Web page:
Will a patient have to take buprenorphine forever?
In some cases, yes, the same as a diabetic has to take his or her medication forever. Some patients, though, do enter treatment with the ultimate goal of completely eliminating opioids from their life. With proper care, these patients can achieve that goal.
Who should be treated with buprenorphine?
The ideal candidate for opioid dependency treatment with buprenorphine:
- Has been objectively diagnosed with an opioid dependency
- Is willing to follow safety precautions for the treatment
- Has been cleared of any health conflicts with using buprenorphine
- Has reviewed other treatment options before agreeing to buprenorphine treatment
Isn’t there a lot of recordkeeping involved with treating substance abuse patients?
Yes, there is, but don’t worry. We’ll handle all of the administrative details so you can focus on taking care of patients.
I’ve heard the Drug Enforcement Administration (DEA) inspects doctors who prescribe buprenorphine. I’m concerned that I’ll be inspected if I get my DATA waiver.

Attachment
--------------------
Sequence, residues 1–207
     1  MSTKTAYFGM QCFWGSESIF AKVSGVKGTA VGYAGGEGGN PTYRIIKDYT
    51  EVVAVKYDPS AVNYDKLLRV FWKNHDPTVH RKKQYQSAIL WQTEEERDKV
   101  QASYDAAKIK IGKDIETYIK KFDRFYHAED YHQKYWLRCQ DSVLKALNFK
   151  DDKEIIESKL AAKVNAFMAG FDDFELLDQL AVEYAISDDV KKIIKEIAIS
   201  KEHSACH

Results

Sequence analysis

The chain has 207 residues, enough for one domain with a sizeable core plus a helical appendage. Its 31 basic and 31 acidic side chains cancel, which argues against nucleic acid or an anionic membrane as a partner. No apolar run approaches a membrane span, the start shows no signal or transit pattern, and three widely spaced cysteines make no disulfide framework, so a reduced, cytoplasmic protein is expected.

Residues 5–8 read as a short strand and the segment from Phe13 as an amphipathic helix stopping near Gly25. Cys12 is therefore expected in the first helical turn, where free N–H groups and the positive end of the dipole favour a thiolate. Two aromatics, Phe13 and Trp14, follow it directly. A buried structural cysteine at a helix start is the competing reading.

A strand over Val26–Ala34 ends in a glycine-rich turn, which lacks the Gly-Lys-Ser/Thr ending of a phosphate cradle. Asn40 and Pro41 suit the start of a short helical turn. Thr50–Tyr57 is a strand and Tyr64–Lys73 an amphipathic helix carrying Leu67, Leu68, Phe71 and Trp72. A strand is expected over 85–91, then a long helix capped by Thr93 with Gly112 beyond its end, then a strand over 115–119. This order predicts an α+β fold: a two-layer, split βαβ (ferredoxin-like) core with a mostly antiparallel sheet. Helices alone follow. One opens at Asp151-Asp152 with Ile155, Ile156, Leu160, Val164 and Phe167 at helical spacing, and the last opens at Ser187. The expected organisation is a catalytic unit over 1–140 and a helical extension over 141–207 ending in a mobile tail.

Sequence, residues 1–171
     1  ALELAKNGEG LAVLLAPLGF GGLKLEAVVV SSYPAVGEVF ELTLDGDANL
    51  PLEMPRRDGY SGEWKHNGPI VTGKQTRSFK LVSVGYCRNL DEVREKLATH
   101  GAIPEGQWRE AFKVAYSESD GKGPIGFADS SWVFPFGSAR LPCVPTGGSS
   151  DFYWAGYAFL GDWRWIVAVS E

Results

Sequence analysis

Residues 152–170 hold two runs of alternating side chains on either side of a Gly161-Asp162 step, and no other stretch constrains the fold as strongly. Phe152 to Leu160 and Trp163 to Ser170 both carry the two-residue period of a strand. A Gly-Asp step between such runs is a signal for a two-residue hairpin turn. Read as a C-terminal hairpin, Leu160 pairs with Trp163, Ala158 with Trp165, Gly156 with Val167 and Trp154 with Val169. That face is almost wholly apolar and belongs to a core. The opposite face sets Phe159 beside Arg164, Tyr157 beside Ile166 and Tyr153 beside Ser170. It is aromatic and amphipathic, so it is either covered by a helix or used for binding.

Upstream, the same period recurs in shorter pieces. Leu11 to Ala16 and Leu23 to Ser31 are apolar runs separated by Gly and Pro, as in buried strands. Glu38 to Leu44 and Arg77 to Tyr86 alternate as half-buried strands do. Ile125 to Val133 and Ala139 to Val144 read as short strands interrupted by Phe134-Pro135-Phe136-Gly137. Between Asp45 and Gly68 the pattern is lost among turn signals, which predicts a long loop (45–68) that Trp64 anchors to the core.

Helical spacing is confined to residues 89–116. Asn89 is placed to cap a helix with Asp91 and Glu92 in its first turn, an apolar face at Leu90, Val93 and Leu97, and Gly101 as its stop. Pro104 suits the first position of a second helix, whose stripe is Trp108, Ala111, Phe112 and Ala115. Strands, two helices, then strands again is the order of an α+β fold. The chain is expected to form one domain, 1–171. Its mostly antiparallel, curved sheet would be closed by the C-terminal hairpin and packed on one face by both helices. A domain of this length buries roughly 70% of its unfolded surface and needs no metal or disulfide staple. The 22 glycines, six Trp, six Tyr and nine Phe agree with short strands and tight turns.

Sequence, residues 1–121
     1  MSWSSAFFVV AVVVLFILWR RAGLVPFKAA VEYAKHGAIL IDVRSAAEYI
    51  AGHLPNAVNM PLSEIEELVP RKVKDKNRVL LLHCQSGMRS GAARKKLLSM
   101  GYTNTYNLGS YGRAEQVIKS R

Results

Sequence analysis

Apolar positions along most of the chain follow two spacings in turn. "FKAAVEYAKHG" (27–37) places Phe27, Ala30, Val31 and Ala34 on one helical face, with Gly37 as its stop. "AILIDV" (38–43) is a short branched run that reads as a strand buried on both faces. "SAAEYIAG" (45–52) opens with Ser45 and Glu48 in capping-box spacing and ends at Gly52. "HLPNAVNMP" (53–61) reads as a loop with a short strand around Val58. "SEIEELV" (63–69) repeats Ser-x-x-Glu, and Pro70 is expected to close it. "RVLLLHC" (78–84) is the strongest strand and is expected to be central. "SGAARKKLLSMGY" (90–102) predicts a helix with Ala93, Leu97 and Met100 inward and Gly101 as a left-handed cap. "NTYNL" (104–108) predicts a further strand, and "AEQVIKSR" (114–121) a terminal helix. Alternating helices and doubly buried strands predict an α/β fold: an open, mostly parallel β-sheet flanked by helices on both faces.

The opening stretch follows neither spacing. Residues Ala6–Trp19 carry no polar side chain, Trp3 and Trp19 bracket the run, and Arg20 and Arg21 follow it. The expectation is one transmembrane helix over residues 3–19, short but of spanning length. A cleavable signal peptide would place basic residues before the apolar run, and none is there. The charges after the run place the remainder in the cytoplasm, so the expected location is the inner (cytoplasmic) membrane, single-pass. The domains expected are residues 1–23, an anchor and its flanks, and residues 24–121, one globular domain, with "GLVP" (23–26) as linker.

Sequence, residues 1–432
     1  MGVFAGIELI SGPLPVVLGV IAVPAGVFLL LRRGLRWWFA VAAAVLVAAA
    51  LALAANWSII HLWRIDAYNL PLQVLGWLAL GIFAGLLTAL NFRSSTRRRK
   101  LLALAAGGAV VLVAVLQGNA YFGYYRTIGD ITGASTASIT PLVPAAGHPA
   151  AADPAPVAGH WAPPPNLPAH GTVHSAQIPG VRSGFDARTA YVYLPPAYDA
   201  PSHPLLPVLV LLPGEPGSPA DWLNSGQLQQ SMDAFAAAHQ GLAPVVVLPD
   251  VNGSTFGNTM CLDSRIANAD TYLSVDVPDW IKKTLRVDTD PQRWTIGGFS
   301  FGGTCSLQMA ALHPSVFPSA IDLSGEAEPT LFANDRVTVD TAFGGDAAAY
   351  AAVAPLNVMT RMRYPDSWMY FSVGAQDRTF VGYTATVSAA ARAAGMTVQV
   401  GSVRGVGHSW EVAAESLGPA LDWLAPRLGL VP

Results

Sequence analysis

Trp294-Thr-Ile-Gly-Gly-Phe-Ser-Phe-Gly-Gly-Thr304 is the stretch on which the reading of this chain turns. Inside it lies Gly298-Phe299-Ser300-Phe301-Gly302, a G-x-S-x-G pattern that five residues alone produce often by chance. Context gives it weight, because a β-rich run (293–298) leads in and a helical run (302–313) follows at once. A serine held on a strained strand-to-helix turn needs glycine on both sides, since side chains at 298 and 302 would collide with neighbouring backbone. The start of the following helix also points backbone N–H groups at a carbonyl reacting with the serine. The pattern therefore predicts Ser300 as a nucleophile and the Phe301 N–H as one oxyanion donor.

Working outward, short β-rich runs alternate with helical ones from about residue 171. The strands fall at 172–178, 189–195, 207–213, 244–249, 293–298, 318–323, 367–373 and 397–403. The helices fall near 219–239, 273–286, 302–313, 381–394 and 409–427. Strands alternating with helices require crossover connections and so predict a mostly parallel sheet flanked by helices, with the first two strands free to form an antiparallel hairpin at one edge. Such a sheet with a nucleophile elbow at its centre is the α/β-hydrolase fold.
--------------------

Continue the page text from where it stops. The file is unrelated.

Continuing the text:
It is possible the DEA will want to inspect patient records. I worked with my colleagues at the DEA for 31 years and know what the inspection requirements are. I am an integral part of this team and will work with you to ensure full compliance at all levels of our program.
Who provides the mental health services and counseling to my patients?
We have substance abuse counseling specialists that provide mental health and substance abuse counseling to each and every patient for whom it is indicated.
I am a third year resident. What if I want to keep treating my patients locally when my residency is completed?
We encourage that! If you decide to stay in your local area once you’ve completed your residency, we will assist you in every way possible to continue seeing the patients with whom you’ve established a relationship.
Some of the information included on this page was taken from the SAMHSA website.